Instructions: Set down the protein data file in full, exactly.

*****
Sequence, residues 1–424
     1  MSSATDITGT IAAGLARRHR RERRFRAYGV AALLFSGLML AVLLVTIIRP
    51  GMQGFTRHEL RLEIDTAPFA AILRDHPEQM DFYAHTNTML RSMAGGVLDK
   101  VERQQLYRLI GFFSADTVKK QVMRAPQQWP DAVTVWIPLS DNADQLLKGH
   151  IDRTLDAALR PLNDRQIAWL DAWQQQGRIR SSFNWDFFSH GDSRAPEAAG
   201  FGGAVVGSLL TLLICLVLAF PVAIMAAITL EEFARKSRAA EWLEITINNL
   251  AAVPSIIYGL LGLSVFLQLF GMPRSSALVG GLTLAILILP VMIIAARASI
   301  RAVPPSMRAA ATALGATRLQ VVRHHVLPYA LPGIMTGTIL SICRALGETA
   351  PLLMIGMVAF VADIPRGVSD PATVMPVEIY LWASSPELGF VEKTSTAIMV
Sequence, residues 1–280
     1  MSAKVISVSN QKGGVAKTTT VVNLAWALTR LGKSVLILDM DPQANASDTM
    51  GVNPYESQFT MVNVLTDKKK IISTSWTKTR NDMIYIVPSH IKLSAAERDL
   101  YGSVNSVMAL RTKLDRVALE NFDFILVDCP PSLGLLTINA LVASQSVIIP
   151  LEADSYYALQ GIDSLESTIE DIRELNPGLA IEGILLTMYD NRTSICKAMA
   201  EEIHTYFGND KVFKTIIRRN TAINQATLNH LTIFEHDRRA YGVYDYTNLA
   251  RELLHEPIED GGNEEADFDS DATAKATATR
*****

Sequence, residues 1–424
     1  MSSATDITGT IAAGLARRHR RERRFRAYGV AALLFSGLML AVLLVTIIRP
    51  GMQGFTRHEL RLEIDTAPFA AILRDHPEQM DFYAHTNTML RSMAGGVLDK
   101  VERQQLYRLI GFFSADTVKK QVMRAPQQWP DAVTVWIPLS DNADQLLKGH
   151  IDRTLDAALR PLNDRQIAWL DAWQQQGRIR SSFNWDFFSH GDSRAPEAAG
   201  FGGAVVGSLL TLLICLVLAF PVAIMAAITL EEFARKSRAA EWLEITINNL
   251  AAVPSIIYGL LGLSVFLQLF GMPRSSALVG GLTLAILILP VMIIAARASI
   301  RAVPPSMRAA ATALGATRLQ VVRHHVLPYA LPGIMTGTIL SICRALGETA
   351  PLLMIGMVAF VADIPRGVSD PATVMPVEIY LWASSPELGF VEKTSTAIMV
Sequence, residues 1–280
     1  MSAKVISVSN QKGGVAKTTT VVNLAWALTR LGKSVLILDM DPQANASDTM
    51  GVNPYESQFT MVNVLTDKKK IISTSWTKTR NDMIYIVPSH IKLSAAERDL
   101  YGSVNSVMAL RTKLDRVALE NFDFILVDCP PSLGLLTINA LVASQSVIIP
   151  LEADSYYALQ GIDSLESTIE DIRELNPGLA IEGILLTMYD NRTSICKAMA
   201  EEIHTYFGND KVFKTIIRRN TAINQATLNH LTIFEHDRRA YGVYDYTNLA
   251  RELLHEPIED GGNEEADFDS DATAKATATR